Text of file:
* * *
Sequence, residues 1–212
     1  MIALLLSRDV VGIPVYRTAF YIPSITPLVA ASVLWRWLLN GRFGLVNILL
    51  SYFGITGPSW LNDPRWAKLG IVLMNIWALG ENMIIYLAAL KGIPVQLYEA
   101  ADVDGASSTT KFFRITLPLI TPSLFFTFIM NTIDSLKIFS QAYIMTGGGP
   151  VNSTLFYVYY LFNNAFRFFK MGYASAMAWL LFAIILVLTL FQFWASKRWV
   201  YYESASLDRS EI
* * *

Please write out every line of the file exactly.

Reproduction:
Sequence, residues 1–212
     1  MIALLLSRDV VGIPVYRTAF YIPSITPLVA ASVLWRWLLN GRFGLVNILL
    51  SYFGITGPSW LNDPRWAKLG IVLMNIWALG ENMIIYLAAL KGIPVQLYEA
   101  ADVDGASSTT KFFRITLPLI TPSLFFTFIM NTIDSLKIFS QAYIMTGGGP
   151  VNSTLFYVYY LFNNAFRFFK MGYASAMAWL LFAIILVLTL FQFWASKRWV
   201  YYESASLDRS EI